A Reflection on What This Paper Means to Me
After reading the articles for this assignment, what impacted me most was an expanded definition of inclusion; a definition that focuses on resisting “the many ways students experience marginalization and exclusion in schools” (Broderick, Mehta-Parekh & Reid, p.195). Homogeneity exists neither in “mainstream” nor in segregated special-education classrooms. In my reading, I discovered specific ways of creating a positive and collaborative learning environment, as well as practical examples of what differentiating instruction looks like in general education classrooms. A teacher must employ strategies that make each individual feel included and differentiated instructional practices to cater to the heterogeneous group.
In my literature review paper, I discuss the importance of creating an inclusive classroom environment and provide strategies and specific examples of what that might look like in a general education classroom. Additionally I discuss what differentiated instruction is and how it can be implemented to ensure that all students have access to the content and processes of daily learning. This topic is extremely important and relevant to me, because as a future teacher, I want and need to do everything possible to ensure that all students, including students with special needs or disabilities are able to succeed socially and academically in my classroom. I also explore what it looks like to implement differentiation of instruction and content in order to attend to the unique learning needs and preferences of students.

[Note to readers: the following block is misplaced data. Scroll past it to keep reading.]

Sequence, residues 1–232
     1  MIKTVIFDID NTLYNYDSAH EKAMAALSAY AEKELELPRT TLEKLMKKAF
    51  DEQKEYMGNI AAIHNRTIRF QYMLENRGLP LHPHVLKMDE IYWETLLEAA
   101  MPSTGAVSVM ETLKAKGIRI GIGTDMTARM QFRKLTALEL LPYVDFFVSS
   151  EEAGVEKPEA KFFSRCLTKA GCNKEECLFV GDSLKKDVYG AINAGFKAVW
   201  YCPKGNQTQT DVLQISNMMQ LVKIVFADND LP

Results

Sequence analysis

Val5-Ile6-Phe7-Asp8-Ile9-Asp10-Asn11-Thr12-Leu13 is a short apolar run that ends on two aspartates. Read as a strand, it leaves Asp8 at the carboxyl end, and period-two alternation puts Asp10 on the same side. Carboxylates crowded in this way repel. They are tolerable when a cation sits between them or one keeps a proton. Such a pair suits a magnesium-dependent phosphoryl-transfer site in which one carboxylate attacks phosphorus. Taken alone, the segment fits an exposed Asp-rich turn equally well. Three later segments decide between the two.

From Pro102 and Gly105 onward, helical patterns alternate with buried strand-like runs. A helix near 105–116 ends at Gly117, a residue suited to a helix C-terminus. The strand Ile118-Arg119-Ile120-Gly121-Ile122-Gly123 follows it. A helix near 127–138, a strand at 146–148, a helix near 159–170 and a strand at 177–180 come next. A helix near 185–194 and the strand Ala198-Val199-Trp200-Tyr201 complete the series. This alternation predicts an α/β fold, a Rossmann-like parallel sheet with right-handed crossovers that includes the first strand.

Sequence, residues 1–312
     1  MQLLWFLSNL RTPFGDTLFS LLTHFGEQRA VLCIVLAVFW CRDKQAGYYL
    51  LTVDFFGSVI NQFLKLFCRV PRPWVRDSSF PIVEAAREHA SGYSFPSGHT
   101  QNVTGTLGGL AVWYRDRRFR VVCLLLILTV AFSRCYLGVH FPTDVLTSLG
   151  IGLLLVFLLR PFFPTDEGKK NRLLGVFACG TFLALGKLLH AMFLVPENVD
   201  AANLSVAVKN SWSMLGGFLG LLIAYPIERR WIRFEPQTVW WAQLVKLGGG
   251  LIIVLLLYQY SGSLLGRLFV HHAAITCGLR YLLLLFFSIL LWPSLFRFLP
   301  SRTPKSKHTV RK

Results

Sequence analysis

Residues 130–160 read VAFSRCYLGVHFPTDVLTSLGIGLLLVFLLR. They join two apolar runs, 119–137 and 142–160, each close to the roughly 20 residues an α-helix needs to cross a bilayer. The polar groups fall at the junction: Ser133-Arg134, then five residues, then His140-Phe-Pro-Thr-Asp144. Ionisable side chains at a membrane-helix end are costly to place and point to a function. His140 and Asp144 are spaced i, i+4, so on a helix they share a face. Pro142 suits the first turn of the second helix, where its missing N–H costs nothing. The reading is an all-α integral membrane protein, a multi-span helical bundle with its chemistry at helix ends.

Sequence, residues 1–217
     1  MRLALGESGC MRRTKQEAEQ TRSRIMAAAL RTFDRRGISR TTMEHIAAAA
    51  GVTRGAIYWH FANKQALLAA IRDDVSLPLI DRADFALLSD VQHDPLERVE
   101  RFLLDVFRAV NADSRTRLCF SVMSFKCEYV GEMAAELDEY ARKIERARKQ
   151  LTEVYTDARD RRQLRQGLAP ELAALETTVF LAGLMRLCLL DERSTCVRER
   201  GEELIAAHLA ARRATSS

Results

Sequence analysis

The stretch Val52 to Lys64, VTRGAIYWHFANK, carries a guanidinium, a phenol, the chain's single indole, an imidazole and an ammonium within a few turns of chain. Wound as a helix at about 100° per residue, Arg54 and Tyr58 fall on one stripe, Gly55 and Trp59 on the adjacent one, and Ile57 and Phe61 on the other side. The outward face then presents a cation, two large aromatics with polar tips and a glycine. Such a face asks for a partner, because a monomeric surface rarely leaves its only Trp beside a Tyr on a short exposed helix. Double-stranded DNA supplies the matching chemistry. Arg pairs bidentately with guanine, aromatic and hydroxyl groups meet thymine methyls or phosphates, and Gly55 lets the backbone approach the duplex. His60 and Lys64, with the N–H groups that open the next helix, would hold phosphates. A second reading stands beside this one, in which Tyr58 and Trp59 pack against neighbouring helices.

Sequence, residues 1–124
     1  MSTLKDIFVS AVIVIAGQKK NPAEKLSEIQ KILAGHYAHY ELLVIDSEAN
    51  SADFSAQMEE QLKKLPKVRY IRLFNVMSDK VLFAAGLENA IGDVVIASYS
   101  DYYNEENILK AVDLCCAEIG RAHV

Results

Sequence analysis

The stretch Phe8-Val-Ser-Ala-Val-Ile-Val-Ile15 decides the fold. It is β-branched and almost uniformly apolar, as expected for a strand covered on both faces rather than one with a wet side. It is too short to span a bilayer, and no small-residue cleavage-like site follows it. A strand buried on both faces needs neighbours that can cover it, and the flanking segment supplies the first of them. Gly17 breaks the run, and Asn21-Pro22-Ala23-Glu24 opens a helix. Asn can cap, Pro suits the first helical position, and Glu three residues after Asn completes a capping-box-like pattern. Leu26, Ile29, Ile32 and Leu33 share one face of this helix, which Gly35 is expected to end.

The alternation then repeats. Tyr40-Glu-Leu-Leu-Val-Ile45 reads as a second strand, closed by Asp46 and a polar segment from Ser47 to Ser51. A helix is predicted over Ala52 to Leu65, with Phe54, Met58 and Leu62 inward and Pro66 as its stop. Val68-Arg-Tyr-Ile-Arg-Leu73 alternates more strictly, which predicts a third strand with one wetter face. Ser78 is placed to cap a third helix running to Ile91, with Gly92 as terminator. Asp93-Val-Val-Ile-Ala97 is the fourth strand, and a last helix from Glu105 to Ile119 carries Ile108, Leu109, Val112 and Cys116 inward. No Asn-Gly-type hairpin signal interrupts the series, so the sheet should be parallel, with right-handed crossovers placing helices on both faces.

If a student feels isolated or does not have the necessary support or access to learning materials, they will not succeed. My hope is that my students will not only succeed, but they will thrive and that is why the strategies and perspectives in this paper will positively impact my future teaching practices.
Alicia Broderick, Heeral Mehta-Parekh & D. Kim Reid (2005): Differentiating Instruction for Disabled Students in Inclusive Classrooms, Theory into Practice, 44:3, pp.194-202. http://www.jstor.org/stable/3496998 Accessed through JSTOR on May 1, 2013